Smell that,” exults Jameson Parker, the blond half of the CBS hit Simon & Simon, who at the moment is in his home kitchen energetically kneading fresh potato bread dough. “That’s pure booze,” he says of the heady aroma. Parker, 34, an expert baker who believes his hobby is therapeutic, is singing Sunshine Superman while he kneads. Bonnie, his wife of six years, is at work preparing chicken curry. Jamie Jr., 3, is asleep on his giant teddy bear downstairs.
Bonnie comes over and playfully squeezes her husband’s ribs. “Ooooh, don’t do that—please,” begs Parker. “They’re very tender.” Another Parker hobby is boxing, and the night before at a San Fernando Valley gym where he spars several times a week, the 5’11½”, 160-pound actor had his torso pummeled during 10 bruising rounds with a two-time National Police Olympics champion. “I was supposed to go more, but people were waiting,” he says of the amateur bout, “and frankly I was relieved.”
The fisticuffs might be in character for a scrape-prone TV shamus, but the domestic bliss is not in the script. On Simon & Simon, Parker and co-star Gerald McRaney, 35, who plays scruffy brother Rick to Jameson’s preppy A.J. Simon, are determined bachelors whose sleuthing derring-do is matched this season only by the way they have cracked the Nielsens. On the verge of cancellation most of last year, Simon was given an improved time slot in October—it follows red-hot Magnum, P.I. with Tom Selleck—and since then has edged up among TV’s Top 10 series. The season premiere, in fact—which featured a combined Magnum and Simon plot line—was the No. 1 show of the week. Quite a ratings turnaround for a series that last year kicked up sand when it threatened to abandon its purported San Diego setting (in fact, the show has always been shot in L.A.) for a “sexier” city.
Simon stayed put, and its sexiest aspect now is Parker, who is blue-eyed and well conditioned (he works out daily and is going for his second-level karate black belt). But forget it, ladies. His wife gave birth to a second son, 10-pound seven-ounce Christian Buchanan Parker, in late November. “He’s the ideal man, husband and friend,” praises Bonnie. “He has a sense of honor, of fairness. He has great willpower, and you can trust him.” Parker flippantly responds. “She makes a great pumpkin pie,” he quips, his arms draped lovingly around Bonnie. “She puts in half a cup of dark Barbados rum. Hey, I’ll eat anything with rum in it—old tennis shoes…”
Life at their Spanish-style three-bedroom home in the Hollywood foothills is more Ozzie and Harriet than Simon & Simon. “We’re really atypical of Hollywood types,” says Bonnie. “Everything you read about Hollywood we don’t do. We’re just normal people doing normal things.” Parker dotes on his children, calling Jamie Jr. “as beautiful a piece of magic as you’re ever likely to lay eyes on. My idea of a hot night on the town,” he adds, “is chasing Jamie around the coffee table.”
Parker met Bonnie Dottley, a former airline stewardess, in a New York acting school in 1976. The son of a State Department father and a short story writer mother (both deceased), Jameson was born in Baltimore and saw most of the capitals of Europe during his father’s foreign service career. Young Parker also managed to see an inordinate number of boarding schools, claiming to have attended 10 in 13 years, and being bounced out of two. “I was caught with booze. I stole a school car. Once I put a cow in the room of a student I didn’t like,” he explains. The high jinks didn’t stop at Wisconsin’s Beloit College. Once, one step ahead of campus security, he chose to leave a girls’ dorm via a third-story window, severely injuring his knee. During a recuperative year off, he acted and worked in production at the Arena Stage in Washington, D.C., and he returned to finish his Beloit degree in theater arts in 1972.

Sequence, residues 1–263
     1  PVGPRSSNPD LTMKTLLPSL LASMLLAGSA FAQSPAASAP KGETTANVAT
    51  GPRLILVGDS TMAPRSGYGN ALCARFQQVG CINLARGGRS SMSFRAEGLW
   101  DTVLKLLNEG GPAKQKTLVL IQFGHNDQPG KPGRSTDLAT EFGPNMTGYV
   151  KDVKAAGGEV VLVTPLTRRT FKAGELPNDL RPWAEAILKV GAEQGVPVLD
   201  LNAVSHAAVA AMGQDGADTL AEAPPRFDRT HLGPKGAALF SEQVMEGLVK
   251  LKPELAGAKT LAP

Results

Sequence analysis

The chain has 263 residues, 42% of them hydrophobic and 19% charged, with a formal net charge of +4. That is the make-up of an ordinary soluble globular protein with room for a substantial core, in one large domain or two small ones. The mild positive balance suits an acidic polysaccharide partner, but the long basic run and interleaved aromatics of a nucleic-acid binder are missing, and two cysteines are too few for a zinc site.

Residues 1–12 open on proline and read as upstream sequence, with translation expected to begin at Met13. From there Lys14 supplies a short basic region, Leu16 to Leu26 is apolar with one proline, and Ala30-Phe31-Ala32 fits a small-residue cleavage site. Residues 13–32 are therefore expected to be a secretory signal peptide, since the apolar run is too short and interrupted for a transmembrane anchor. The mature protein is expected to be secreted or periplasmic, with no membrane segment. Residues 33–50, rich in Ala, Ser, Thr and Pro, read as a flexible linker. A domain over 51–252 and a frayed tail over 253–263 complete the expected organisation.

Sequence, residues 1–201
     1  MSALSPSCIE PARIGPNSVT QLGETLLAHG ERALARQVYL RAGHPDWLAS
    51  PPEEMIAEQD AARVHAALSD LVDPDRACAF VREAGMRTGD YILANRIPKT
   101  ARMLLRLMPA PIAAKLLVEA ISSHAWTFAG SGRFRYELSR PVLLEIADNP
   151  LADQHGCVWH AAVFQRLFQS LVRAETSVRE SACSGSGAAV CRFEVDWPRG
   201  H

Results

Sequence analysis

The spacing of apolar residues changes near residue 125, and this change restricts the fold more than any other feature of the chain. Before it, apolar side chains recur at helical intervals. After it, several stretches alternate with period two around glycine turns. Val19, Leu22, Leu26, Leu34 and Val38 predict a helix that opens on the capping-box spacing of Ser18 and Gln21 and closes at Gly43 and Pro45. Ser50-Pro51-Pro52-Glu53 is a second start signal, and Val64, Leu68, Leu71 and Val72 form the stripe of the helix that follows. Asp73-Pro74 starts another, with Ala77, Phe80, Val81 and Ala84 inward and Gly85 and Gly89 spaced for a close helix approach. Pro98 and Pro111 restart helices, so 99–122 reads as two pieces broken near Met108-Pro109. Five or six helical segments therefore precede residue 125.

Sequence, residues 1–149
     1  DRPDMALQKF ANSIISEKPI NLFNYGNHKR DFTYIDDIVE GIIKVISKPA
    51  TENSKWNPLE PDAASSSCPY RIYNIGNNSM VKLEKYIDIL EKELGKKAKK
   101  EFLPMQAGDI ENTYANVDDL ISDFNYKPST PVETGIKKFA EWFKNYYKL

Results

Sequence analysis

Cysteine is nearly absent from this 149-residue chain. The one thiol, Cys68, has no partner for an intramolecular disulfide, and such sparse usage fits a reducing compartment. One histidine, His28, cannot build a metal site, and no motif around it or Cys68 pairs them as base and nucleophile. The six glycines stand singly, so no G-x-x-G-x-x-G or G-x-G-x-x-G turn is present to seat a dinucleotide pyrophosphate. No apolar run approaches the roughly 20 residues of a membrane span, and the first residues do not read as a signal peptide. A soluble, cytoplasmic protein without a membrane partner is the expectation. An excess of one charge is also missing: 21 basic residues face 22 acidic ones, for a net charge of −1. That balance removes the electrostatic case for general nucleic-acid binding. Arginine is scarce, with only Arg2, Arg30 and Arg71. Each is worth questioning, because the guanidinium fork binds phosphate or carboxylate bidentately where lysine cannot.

After graduation he moved to New York, getting his first break in a commercial for a breath mint. (“A nauseating experience. I had to pop candies into my mouth for hours.”) The ad, though, helped him get a role on the now-defunct NBC soap Somerset, which led to a two-year part on ABC’s One Life to Live. Parker’s credits now include films like 1979’s The Bell Jar and 1980’s A Small Circle of Friends with Karen Allen and Brad Davis, as well as such TV movies as 1981’s Callie & Son with Lindsay Wagner.
If Parker’s 1980 move to L.A. hasn’t changed his super-WASP typecasting, it has given him fine geography in which to indulge his love for camping and hunting. He shares those passions with co-star McRaney. The two often go together to a private preserve in Texas to hunt deer, wild pig and javelina. A bit defensive about this sideline (“Hunters have an unfortunate reputation because there are a lot of drunken yo-yos out there”), Parker is well armed to defend his position—particularly after his sixth wedding anniversary last Halloween. He and Bonnie were dining at L.A.’s elegant La Scala when the maître d’ brought over six presents from Bonnie, one by one. In each box was a different gun. “I opened the first and said, ‘Oh, my God,’ ” remembers Jameson. “By the time I finished opening all of them, I could only hope we weren’t stopped by the police on the way home.”
It didn’t happen, but that might be the only way Parker could be stopped these days. With Simon skyrocketing, he’s naturally looking to the future. He and Kristy McNichol have already wrapped White Dog, based on Romain Gary’s novel about racism, which is apparently so controversial that its release has been delayed indefinitely. This April Parker and buddy McRaney (whose nickname is Macky) plan to co-star in the action feature Maximum Charge. The movie will be set in Texas, where they both plan some hunting while on location. “Macky and I don’t have fat heads,” Parker says. “We don’t go around pretending we’re a couple of big stars, because we’re not.” Then Jameson grins. “Give us a couple of years.”